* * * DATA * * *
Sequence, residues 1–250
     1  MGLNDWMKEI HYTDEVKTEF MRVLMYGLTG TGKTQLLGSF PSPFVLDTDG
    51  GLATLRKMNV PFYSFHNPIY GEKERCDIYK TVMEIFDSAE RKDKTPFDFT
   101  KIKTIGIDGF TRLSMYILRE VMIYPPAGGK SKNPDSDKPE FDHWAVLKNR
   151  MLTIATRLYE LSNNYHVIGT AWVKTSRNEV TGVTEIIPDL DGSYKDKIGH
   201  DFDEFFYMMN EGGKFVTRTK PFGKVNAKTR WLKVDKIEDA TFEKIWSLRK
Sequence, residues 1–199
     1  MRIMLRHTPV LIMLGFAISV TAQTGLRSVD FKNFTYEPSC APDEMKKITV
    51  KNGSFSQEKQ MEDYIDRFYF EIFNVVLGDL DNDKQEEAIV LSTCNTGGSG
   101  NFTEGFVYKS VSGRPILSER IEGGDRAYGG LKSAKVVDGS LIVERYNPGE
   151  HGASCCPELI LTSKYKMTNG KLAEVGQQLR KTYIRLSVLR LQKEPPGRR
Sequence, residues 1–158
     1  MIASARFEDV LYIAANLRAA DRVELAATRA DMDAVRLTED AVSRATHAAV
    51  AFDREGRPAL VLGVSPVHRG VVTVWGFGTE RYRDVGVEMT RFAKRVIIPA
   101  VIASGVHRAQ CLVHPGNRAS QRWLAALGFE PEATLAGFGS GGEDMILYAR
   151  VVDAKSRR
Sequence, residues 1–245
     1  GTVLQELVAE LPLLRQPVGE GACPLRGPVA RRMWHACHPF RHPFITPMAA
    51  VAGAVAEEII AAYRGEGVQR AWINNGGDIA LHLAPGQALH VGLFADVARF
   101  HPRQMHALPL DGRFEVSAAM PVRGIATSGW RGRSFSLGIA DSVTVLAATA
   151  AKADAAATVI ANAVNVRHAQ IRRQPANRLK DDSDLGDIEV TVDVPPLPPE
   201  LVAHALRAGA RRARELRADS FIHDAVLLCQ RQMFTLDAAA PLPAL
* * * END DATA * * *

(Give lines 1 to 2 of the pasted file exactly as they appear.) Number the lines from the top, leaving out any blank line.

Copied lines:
Sequence, residues 1–250
     1  MGLNDWMKEI HYTDEVKTEF MRVLMYGLTG TGKTQLLGSF PSPFVLDTDG